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python execution path

P: n/a
I'm wondering if there is a way to get python to show each line as it
is executed, sort of like sh -x does for shell programs. Seems like
this would be a nice debugging aid.

dustin
Jul 18 '05 #1
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P: n/a
Dustin Lee wrote:
I'm wondering if there is a way to get python to show each line as it
is executed, sort of like sh -x does for shell programs. Seems like
this would be a nice debugging aid.


The best approach, if it's really intended to be a debugging
aid, might be to learn about "pdb", starting perhaps with the
following line inserted shortly above where you think your
bug might be:

import pdb; pdb.set_trace()

(run the code, wait for the prompt, type "?" for help, then
read the docs ;-) )

-Peter
Jul 18 '05 #2

P: n/a
Peter Hansen wrote:
Dustin Lee wrote:
I'm wondering if there is a way to get python to show each line as it is executed, sort of like sh -x does for shell programs. Seems like this would be a nice debugging aid.


The best approach, if it's really intended to be a debugging
aid, might be to learn about "pdb", starting perhaps with the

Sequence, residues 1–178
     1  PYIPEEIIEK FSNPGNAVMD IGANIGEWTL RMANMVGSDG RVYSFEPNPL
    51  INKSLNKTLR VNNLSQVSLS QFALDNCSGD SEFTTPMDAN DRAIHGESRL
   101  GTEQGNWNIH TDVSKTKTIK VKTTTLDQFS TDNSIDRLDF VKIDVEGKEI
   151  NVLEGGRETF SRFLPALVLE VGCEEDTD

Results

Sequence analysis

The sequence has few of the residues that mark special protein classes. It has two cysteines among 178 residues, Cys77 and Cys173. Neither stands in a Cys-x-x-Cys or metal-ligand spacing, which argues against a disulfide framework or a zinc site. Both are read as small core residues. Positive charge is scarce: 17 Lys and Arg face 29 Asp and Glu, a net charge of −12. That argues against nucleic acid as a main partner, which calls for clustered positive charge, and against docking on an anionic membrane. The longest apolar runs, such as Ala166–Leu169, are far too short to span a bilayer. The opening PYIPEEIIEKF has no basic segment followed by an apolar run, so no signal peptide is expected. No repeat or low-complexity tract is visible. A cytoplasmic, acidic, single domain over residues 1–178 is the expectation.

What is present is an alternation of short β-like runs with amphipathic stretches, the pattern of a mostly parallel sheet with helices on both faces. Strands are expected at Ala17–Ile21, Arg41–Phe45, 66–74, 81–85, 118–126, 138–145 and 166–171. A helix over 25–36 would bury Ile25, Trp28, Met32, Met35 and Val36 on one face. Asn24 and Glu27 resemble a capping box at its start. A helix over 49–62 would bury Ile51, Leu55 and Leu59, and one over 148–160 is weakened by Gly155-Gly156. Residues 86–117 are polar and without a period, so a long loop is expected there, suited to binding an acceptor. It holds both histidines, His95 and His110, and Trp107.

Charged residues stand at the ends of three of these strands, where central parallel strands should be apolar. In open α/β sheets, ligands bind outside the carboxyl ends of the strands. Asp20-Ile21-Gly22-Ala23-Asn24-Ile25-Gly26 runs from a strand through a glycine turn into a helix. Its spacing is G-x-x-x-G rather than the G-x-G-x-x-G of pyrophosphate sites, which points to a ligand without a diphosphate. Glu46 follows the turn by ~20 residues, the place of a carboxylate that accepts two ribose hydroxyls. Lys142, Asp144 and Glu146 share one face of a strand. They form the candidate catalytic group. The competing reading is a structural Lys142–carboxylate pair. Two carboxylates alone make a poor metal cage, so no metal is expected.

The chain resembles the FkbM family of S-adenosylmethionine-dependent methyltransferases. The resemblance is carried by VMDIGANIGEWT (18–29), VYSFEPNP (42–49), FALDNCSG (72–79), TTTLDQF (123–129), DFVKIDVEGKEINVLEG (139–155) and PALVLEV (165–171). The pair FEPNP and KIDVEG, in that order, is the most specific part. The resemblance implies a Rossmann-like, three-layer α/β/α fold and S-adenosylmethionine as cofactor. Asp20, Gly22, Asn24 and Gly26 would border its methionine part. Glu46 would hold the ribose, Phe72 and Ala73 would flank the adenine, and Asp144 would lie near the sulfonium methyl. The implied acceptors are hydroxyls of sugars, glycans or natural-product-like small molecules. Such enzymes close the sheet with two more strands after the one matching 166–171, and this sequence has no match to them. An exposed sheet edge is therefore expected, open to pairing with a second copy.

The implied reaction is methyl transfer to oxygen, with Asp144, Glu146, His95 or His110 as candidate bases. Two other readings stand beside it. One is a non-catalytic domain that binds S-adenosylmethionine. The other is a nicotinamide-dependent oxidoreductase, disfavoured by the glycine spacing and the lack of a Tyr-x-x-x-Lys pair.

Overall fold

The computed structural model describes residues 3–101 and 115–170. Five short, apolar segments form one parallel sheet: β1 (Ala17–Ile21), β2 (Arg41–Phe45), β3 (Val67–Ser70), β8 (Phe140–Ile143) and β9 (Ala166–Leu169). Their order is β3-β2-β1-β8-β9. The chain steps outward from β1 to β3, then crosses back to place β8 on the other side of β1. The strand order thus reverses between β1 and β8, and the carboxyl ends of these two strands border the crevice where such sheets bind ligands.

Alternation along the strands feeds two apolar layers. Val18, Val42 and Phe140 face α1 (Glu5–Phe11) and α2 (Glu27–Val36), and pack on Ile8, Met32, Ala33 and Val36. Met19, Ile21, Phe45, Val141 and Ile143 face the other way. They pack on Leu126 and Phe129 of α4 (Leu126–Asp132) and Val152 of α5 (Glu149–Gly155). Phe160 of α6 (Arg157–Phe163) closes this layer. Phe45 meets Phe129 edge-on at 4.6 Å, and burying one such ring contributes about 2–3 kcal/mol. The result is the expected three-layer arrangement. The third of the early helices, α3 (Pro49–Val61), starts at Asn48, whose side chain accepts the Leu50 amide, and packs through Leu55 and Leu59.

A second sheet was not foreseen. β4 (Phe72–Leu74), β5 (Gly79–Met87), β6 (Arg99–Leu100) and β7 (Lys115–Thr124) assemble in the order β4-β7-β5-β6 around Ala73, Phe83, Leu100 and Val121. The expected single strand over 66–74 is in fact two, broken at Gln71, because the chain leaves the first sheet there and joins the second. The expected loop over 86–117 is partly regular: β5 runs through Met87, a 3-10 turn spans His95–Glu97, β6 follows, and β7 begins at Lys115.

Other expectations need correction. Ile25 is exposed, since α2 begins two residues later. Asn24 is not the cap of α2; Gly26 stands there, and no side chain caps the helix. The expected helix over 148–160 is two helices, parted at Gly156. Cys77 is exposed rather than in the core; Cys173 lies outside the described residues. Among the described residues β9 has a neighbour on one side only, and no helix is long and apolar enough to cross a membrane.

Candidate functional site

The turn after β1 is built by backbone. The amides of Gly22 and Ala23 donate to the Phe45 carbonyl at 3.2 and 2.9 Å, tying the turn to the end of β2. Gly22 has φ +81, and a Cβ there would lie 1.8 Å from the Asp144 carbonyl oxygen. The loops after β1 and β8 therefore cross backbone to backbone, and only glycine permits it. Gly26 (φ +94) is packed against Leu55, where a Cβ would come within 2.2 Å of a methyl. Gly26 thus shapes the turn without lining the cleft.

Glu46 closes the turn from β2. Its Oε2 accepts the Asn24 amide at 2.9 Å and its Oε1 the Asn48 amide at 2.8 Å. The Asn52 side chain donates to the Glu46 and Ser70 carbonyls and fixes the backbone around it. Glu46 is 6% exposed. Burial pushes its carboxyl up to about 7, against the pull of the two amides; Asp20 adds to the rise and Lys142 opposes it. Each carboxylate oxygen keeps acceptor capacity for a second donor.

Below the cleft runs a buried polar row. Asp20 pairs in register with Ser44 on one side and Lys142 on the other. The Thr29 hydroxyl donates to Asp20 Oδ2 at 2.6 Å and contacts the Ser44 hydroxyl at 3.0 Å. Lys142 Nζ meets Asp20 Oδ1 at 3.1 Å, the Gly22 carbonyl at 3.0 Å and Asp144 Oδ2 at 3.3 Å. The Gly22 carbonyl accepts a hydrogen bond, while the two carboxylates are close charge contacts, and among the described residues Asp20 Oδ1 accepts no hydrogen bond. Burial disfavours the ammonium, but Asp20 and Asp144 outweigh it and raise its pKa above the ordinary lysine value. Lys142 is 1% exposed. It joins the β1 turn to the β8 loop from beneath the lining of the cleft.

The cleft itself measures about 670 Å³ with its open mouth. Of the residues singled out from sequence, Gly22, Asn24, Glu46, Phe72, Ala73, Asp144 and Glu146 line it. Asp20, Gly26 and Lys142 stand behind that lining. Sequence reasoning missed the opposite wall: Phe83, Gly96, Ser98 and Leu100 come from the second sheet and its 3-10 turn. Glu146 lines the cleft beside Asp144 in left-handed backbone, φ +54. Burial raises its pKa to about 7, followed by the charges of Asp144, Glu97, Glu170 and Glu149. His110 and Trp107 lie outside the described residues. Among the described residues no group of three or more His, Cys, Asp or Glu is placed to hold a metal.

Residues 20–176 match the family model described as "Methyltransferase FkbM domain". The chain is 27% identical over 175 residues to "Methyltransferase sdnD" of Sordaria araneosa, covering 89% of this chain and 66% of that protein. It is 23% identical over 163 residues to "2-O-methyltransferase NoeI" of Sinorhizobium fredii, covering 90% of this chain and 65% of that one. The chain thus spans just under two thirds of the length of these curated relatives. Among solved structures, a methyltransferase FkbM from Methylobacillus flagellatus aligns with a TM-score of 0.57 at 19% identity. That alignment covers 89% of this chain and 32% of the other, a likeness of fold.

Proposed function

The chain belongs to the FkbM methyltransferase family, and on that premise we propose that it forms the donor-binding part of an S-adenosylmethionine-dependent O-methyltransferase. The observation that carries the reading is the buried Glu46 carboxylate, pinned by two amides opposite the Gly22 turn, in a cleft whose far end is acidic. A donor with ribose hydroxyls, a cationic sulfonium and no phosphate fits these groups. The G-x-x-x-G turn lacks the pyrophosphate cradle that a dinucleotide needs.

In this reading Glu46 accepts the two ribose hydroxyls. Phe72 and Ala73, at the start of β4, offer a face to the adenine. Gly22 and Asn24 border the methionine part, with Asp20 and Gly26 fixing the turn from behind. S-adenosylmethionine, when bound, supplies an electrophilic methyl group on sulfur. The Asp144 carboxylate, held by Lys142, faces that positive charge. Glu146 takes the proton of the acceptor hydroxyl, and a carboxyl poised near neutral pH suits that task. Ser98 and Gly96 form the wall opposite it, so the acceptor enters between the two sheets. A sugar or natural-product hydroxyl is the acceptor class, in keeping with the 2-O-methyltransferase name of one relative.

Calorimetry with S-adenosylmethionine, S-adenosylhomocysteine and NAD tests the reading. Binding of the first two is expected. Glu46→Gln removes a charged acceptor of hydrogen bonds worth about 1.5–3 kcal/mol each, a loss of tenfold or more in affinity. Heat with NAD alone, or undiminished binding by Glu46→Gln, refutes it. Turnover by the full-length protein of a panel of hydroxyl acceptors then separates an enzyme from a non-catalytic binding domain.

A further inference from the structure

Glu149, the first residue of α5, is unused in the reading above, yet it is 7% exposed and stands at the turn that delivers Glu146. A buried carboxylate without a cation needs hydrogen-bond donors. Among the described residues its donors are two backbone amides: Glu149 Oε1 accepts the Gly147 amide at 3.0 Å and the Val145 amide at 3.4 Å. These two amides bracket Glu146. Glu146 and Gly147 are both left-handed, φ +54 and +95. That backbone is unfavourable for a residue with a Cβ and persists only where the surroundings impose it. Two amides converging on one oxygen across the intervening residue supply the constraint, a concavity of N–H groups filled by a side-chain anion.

following line inserted shortly above where you think your
bug might be:

import pdb; pdb.set_trace()

(run the code, wait for the prompt, type "?" for help, then
read the docs ;-) )

-Peter


This is more of a what if-ish question I guess. I use pdb fairly
regularly, I'm just looking to extend my debugging toolkit. I saw an
article recently about how perl has the sh -x type functionality and I
was curious if anything like that was possible in python. Not entirely
sure how it would make my life better, but it seems intriguing.

Jul 18 '05 #3

P: n/a
qh****@gmail.com wrote:
Peter Hansen wrote:
The best approach, if it's really intended to be a debugging
aid, might be to learn about "pdb" ....


This is more of a what if-ish question I guess. I use pdb fairly
regularly, I'm just looking to extend my debugging toolkit. I saw an
article recently about how perl has the sh -x type functionality and I
was curious if anything like that was possible in python. Not entirely
sure how it would make my life better, but it seems intriguing.


Ah. In that case, investigate sys.settrace(). There are doubtless
a variety of recipes and snippets available in either the Cookbook
or in the mailing list archives, after you do the basic reading in
http://www.python.org/doc/2.4/lib/module-sys.html .

-Peter
Jul 18 '05 #4

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